The first thing I saw upon entering Yellowstone National Park was a bison trundling down the road directly at our car. I felt like I was Jim Carey’s character in The Truman Show and the director had whispered cue buffalo.
Don’t worry, we dodged the buffalo
We rented a teensy tiny cabin near Yellowstone Lake because I was too terrified to camp in grizzly country. My decision to stay in a cabin was sealed last year when two unsuspecting folks got munched to death by grizzlies in the park.
No grizzlies in here
Now, before you comment to tell me that it isn’t typical bear behavior to feed on humans and that I’m more likely to die in a plane crash than have my face eaten off by grizzlies (thanks for the reminder!) let me just say that bear encounters are my phobia and they have been ever since I had a run in with a curious brown bear ten years ago.
Our cabin was fantastic because it afforded us the luxury of working up a sweat all day and then showering at night. Also, Yellowstone’s Lake Lodge was located a quarter mile down the road and had IPA on tap and a big front porch filled with rocking chairs from which we could watch the sun set over Yellowstone Lake. It was pretty close to perfect.
Celebrating a good day at Yellowstone
Sunset from the porch at Lake Lodge in Yellowstone
Due to my aforementioned phobia I was also too afraid to do any backcountry hiking. On a few separate occasions I worked up the courage to try but each time we arrived at the trailhead I’d see the posted warning: BEAR ATTACK! Are you prepared? and I’d melt into a little puddle of fear. I was not pleased with myself.
Brian was not pleased with me either because I forced him to walk around with bear spray attached to his hip. Each morning I’d nag him into practicing deploying it until he’d give in and whip the spray out of its holster in quick succession like some goofy small town movie cop.
Brian will kill me when he finds out I posted this picture
Aside from the imminent threat of death-by-grizzly Yellowstone was amazing. I knew beforehand that the park was filled with geysers and colorful hot springs but nothing could prepare me for seeing these geothermal wonders first hand. The colors were out of this world. It was a thrill to think that deep in the ground beneath my feet magma from an active volcano was heating water that was rising to the surface before me. I mean, the ground was boiling.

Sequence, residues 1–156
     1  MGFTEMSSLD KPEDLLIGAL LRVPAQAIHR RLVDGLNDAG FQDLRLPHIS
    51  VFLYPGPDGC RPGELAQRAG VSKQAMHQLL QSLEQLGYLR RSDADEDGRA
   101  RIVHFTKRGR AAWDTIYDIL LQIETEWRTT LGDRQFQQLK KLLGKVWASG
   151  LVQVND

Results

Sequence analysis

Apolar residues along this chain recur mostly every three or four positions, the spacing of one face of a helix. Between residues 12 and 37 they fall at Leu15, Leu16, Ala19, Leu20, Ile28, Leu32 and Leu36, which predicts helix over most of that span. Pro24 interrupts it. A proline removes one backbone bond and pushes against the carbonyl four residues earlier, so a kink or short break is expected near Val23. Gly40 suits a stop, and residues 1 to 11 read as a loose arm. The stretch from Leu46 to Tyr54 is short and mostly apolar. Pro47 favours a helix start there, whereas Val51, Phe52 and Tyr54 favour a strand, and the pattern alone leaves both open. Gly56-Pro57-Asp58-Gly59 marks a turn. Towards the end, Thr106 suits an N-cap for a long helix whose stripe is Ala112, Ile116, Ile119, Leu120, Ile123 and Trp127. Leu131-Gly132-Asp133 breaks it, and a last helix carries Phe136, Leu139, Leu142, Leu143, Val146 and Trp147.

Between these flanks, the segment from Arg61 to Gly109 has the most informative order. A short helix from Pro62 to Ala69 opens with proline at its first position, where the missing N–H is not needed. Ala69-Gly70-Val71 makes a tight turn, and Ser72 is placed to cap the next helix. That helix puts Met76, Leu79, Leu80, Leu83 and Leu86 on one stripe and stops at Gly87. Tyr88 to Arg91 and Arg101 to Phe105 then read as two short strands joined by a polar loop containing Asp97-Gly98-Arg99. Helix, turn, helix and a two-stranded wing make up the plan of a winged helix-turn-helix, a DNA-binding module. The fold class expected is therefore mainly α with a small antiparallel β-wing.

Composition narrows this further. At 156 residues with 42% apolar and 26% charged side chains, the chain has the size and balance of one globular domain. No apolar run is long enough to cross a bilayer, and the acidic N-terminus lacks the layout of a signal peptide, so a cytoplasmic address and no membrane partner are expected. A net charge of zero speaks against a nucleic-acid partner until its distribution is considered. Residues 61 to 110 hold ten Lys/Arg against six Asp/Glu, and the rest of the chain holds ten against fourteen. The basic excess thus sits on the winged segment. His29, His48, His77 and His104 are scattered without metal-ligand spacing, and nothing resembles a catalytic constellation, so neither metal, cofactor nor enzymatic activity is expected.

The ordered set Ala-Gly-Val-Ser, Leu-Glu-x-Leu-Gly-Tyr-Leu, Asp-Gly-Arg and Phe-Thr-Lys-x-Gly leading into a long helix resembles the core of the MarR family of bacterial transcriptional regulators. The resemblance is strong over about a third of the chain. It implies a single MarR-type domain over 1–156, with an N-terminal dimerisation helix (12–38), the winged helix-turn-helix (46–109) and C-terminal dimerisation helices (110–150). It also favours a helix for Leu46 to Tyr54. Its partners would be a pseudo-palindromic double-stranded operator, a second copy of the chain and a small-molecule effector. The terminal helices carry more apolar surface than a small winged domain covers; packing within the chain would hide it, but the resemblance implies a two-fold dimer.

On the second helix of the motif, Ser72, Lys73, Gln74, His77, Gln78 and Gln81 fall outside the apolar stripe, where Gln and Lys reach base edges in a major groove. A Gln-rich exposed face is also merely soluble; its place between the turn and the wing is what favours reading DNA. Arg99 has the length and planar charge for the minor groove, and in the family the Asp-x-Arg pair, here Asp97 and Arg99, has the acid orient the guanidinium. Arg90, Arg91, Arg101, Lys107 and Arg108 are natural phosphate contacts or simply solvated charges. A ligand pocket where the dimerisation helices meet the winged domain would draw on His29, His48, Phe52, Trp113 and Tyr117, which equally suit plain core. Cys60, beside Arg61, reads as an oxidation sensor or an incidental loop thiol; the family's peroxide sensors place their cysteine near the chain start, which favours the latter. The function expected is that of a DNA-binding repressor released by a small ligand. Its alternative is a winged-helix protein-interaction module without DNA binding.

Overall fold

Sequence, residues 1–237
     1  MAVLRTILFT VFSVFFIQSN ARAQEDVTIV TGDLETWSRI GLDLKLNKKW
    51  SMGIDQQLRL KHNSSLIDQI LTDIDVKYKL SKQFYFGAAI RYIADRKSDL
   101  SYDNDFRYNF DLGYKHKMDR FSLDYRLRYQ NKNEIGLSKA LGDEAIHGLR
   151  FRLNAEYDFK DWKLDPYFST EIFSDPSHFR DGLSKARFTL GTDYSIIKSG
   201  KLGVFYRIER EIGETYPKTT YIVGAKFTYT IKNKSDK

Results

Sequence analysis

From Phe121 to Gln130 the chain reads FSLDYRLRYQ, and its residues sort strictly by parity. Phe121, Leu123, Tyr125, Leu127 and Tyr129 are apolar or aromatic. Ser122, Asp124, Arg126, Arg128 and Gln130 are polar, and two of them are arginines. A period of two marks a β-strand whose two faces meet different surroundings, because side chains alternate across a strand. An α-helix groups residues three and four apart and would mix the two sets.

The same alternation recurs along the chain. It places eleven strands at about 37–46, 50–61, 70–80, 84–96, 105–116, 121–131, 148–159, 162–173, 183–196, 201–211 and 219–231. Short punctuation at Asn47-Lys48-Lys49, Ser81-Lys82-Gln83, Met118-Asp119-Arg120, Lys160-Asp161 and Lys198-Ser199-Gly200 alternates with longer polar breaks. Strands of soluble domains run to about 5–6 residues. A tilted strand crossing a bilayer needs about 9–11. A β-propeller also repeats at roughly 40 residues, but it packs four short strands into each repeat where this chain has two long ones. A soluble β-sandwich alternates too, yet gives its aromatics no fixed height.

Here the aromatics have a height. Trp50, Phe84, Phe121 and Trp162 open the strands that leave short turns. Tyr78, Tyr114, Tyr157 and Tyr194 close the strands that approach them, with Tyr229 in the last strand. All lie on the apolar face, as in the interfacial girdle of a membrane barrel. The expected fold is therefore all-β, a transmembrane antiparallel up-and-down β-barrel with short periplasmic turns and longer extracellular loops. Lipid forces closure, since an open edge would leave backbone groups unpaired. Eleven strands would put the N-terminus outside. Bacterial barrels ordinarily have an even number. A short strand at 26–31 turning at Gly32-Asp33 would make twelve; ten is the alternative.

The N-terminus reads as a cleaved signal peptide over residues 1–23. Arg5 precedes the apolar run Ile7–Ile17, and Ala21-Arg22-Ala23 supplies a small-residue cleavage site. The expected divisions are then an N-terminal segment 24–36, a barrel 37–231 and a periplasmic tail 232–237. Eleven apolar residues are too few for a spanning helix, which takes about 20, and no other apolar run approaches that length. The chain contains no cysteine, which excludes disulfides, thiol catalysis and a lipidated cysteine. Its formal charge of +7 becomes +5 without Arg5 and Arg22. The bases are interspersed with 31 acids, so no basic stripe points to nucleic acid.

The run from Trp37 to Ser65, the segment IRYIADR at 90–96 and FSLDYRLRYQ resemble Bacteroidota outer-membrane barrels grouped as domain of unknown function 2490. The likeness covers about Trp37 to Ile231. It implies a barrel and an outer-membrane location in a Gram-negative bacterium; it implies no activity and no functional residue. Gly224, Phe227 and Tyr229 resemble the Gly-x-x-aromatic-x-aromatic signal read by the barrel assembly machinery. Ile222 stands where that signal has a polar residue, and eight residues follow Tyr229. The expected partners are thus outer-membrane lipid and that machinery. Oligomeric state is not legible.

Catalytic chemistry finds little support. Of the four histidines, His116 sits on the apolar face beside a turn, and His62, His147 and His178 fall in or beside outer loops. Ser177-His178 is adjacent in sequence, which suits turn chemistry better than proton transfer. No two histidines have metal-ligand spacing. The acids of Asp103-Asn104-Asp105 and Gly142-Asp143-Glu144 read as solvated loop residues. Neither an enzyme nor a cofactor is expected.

The wildlife in Yellowstone is stunning. Over 3,000 bison roam freely through the grasslands and can be spotted everywhere: in the roads, the fields and the hiking trails.
A bison relaxes at Yellowstone
On our second day in the park a black bear ran across the road in front of us. Later that evening we noticed a crowd gathered on a hilltop and joined them in watching a mother grizzly and her cubs roam in a field far below.
The black bear that crossed the road in front of us
We saw coyote and elk and deer too. Wherever we turned we were reminded that we were visitors in the home of many amazing creatures. I loved it.
On our final day in the park we drove towards the north entrance hoping to take a dip in the Boiling River. At the Boiling River thermal water from Mammoth Hot Springs empties into the Gardiner River creating pockets of hot water in the otherwise cold current. It’s a favorite swimming hole for locals and park visitors alike.
Unfortunately the river was closed because of the fast moving currant so we drove to Gardiner, Montana to catch a glimpse of the iconic Roosevelt Arch. President Theodore Roosevelt dedicated the arch in 1903 upon creation of Yellowstone-America’s first National Park.
Brian stands at the Roosevelt Arch at Yellowstone’s north entrance
On our way back into the park we picked up two dreadlocked hitchhikers thumbing their way to east Yellowstone. They looked harmless enough but I knew that if they caused us any trouble Brian had one of a hell of a reflex with that bear spray. We’d be okay.